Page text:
We are in anticipation mode again – y’all know we love our Jazz Fest! – and looking to stoke up our NOLA daydreams via our tastebuds. This time, we chose something totally new to our kitchen: crawfish bread.
From Shoofly Magazine: A simple story about a food festival grows to epic proportions when it kicks off the search for some of New Orelans’ best fried chicken.
Crawfish Fettuccini from Suire’s was the perfect complement to our crab cake experiment. Creamy, spicy, homey, with tasty little morsels of crawfish. Wow!
The NOLA farmers market: no tchotchkes, doodads, gewgaws, knickknacks or trinkets here, just fine NOLA foodstuffs, friendly folks, and some fantastic music.
Looking for lunch on a recent trek home from New Orleans, we took the long way along the coast and found a treasure (and I do mean treasure) in the backroads of southern Louisiana. Suire’s Grocery and Restaurant has been serving delicious Cajun food to hungry travelers, locals and hunters since 1976. It was magic: the food, the ambience and especially the people. The Grill-Meister and I were enchanted.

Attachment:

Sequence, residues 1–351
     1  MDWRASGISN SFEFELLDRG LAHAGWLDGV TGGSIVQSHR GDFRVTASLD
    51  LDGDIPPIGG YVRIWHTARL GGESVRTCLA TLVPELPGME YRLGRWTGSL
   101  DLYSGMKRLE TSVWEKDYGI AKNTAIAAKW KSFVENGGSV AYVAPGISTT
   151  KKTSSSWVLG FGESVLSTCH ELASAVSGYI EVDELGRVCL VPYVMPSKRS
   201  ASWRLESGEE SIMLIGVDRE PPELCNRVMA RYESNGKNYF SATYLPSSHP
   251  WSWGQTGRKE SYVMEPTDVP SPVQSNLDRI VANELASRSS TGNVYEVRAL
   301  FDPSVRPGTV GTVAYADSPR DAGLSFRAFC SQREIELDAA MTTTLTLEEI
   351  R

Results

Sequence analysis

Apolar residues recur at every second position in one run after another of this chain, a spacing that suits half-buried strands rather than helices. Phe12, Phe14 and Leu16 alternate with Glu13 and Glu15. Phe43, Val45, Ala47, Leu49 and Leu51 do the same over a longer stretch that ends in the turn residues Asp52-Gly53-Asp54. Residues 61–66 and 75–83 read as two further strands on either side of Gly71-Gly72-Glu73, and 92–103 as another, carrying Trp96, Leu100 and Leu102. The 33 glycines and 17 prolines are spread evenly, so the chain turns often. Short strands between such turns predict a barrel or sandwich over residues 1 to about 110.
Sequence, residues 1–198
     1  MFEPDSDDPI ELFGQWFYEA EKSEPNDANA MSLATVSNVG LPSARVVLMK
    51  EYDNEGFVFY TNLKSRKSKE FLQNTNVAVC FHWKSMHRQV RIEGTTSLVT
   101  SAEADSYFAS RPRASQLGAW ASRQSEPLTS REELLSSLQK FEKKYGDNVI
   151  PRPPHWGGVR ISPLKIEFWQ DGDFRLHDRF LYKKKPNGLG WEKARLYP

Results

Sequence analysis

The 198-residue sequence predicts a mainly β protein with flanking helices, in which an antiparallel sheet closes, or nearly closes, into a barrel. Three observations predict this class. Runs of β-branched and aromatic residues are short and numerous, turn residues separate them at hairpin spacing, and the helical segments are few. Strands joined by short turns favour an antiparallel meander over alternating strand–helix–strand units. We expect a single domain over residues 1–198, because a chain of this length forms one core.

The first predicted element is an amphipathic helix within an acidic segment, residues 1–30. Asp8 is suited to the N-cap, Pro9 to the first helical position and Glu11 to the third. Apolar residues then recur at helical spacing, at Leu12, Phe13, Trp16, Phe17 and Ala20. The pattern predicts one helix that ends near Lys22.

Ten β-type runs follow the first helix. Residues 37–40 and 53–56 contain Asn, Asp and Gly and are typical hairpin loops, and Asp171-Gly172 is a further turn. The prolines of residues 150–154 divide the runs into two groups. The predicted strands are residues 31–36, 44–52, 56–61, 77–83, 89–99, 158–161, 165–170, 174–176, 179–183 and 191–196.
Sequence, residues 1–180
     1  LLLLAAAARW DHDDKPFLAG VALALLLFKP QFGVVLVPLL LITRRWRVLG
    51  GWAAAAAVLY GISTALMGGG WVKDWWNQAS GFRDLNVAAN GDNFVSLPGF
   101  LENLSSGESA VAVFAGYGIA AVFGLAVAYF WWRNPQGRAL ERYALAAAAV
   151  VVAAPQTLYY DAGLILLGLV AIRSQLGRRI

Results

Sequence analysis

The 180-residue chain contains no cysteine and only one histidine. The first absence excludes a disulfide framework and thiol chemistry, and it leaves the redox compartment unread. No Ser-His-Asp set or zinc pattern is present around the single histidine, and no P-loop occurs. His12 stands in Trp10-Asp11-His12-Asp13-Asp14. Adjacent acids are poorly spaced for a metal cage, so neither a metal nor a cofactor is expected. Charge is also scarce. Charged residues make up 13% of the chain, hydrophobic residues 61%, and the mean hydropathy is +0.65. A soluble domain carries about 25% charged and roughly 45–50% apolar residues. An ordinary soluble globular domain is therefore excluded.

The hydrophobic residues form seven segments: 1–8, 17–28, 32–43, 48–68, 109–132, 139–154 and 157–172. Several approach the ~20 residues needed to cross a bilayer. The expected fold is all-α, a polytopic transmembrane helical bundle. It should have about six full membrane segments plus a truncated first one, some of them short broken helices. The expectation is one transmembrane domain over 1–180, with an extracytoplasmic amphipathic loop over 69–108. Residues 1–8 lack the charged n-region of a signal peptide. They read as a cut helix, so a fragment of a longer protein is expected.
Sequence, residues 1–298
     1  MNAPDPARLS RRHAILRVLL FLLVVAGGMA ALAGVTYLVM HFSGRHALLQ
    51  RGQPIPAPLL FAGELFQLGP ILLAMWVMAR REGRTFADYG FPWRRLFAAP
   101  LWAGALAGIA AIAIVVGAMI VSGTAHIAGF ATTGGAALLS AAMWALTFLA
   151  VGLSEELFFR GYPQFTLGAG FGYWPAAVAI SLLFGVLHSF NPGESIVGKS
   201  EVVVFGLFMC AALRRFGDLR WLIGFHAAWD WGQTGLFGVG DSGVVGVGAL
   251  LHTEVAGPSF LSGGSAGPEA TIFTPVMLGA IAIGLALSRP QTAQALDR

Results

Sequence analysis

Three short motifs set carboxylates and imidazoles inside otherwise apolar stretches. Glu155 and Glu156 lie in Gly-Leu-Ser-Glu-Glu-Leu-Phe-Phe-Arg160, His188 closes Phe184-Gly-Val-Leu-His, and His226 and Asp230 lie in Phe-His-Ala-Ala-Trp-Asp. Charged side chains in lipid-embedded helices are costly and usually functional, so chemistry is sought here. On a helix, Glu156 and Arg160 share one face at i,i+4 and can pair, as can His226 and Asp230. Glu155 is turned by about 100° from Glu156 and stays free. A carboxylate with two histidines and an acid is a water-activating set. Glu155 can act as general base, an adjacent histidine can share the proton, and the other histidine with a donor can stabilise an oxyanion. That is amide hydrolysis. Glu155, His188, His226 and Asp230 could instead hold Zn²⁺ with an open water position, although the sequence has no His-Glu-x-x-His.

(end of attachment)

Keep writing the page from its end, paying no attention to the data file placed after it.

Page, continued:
A trek down Magazine Street in New Orleans reveals the existence of garlic beignets, a real treat at a neighborhood cafe called The Vintage.
Even though the traditional Kentucky Derby cocktail is the mint julep, the libation of choice for the Grill-Meister and me is the Bourbon Milk Punch. It is lusciously, sinfully rich – a milkshake for grownups.
A collection of tips for a good time in The Big Easy, compiled at the request of a friend. Prepare yourself for New Orleans trip envy. Let’s go now!
Building anticipation for the New Orleans Jazz Fest by cooking some of our favorite Louisiana recipes at home, like Paul Prudhomme’s blackened fish. Yum!
Jazz Fest eating is so food-truck-trashy-tasty good that you simply have to eat it. How to pick from over 250 options? How to save room for NOLA restaurants?
Bourbon Milk Punch from Bourbon House in New Orleans: if you’re of age and inclined to imbibe, this creamy, dreamy, thick elixir should be on your bucket list.
It can be very, very hot in New Orleans in early May, and the Jazz Fest sun is as strong as their chicory-laden coffee and those marvelous drinks they call Hurricanes. A hat is an imperative: trust me on this.
I have a “food crush” on New Orleans chef Susan Spicer. You’ll understand after you read the post, soak up the photos/atmosphere, and revel in the recipe.